Taking a strike at something such as cymbals creates a thundering sound that is loud as the struck of a lightning. Musically, percussion musical instruments produce beats that either makes a listener tap their foot, bob their head to the beat, or get up and dance or just make a statement! Percussion instruments also produce sounds that mimic closely to human speech. Whether it’s a rock band, symphony, orchestra, ensemble, jazz-rock fusion performance, or Latin jazz band, expect percussion musical instruments to make any event an upbeat one.

Electric drums or drum set are known as one of the most popular instruments in the percussion family. It is powered by electrical currents or electrics, and is fashioned in a more space-saving style. Another type of drum is the Taiko (also spelled as Taiku, Taigu or Tai Ko). This Japanese instrument is a flat drum that is traditional and classical in Japanese culture. Classic as it is, Taiko drums Singapore classes are presently available for those who wish to try playing Japanese drums. Other relatives of Japanese percussions are the Kodo, Table and Conga that vary slightly in cylindrical size and sound.

Chinese traditional percussion bronze instruments are also still being used in live performances up to this day. If you happen to watch one, pay attention to these common percussion instruments that make up folk music: Yang Qin (Yangqin), Bianzhong (Bianzhon), Pan, Luo, Ba, and Muyu. Mrdanga (also spelled as Mridangam) and Dhol, those that are classified as Indian drum and Indian instrument are quite famous for its hourglass or barrel design.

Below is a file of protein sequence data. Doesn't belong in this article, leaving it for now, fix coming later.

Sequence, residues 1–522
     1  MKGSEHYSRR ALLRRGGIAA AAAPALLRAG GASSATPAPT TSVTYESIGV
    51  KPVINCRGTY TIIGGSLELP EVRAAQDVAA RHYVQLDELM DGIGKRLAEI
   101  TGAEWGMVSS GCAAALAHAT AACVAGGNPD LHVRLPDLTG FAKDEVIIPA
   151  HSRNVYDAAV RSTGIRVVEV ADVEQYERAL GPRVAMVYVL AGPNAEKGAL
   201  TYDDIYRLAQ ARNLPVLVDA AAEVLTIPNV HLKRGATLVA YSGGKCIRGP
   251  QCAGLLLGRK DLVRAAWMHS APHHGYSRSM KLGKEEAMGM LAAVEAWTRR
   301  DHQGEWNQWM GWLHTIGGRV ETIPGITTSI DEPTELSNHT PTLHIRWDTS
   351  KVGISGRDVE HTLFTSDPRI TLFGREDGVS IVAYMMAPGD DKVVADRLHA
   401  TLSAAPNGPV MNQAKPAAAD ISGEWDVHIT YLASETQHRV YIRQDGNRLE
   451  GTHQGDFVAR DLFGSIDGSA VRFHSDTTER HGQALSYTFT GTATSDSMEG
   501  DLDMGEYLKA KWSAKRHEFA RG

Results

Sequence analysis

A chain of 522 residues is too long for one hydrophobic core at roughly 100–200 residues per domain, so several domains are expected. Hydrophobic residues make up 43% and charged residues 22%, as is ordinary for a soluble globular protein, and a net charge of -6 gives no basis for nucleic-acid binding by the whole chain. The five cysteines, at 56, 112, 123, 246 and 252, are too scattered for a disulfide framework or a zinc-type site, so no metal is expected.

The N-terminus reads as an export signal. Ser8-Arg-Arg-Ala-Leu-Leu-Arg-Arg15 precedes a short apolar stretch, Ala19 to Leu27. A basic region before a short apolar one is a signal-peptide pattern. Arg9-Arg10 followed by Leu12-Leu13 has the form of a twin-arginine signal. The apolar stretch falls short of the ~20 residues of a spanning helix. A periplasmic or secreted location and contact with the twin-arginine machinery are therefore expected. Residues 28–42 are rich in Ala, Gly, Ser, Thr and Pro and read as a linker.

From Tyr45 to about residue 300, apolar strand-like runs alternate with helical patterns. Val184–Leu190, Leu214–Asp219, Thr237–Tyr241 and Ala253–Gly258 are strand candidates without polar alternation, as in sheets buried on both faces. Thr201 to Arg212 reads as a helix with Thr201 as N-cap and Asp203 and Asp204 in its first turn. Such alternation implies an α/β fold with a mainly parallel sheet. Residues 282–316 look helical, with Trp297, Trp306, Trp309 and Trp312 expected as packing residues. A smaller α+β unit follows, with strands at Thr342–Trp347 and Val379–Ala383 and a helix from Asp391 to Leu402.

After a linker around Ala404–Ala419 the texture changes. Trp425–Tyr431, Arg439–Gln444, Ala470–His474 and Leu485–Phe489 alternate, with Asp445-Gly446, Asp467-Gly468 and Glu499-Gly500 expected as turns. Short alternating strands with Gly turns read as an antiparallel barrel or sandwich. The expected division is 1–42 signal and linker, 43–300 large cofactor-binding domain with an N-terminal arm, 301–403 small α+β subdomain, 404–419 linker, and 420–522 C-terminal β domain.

For a toned down percussion instrument, the Cajon is your best bet. Its boxed set design creates soft beat music that is usually used during live band performances. Also, hands are used to strike the Cajon, giving the musician complete control on how soft or loud one Hindustani wishes to make with it. Other smaller percussions include the Maracas (musical shakers), a great starting point for toddlers to learn rhythm!

Chromatic scales are created by percussion instruments like the marimba, xylophone, tubular bells, chimes, tambourine, metallophone, vibraphone, glockenspiel and piano. Joining in this spectrum is the Angklung (also spelled as Anklang or Angklun). This Indonesian (Balinese or Javanese), musical bamboo instrument is also struck using mallets to create upbeat vibes for the ears.

Do you know that the piano is a hybrid instrument of percussion and string? Go to any Kawai or Yamaha piano showroom and you can see and admire the wire strings within the grand pianos as you play the key board. Because of the use of strings where length can be varied, the piano can produce half notes such as sharps # and flats # effortlessly, giving rise to many major and minors scales and keys.

Consider taking the ABRSM graded exams so that you can systematically master the theory and practical aspects of playing instruments such as drum or piano.

Want to learn how to play percussion instruments like the drums and xylophone but can’t find specialised schools for it? With actualyse.com’s comprehensive school directory listing, you can search for an available drums schools or xylophone courses in Singapore with just the click of a button. Plus, you can compare rates with other schools, making it an easier and more convenient school-choosing experience for you.

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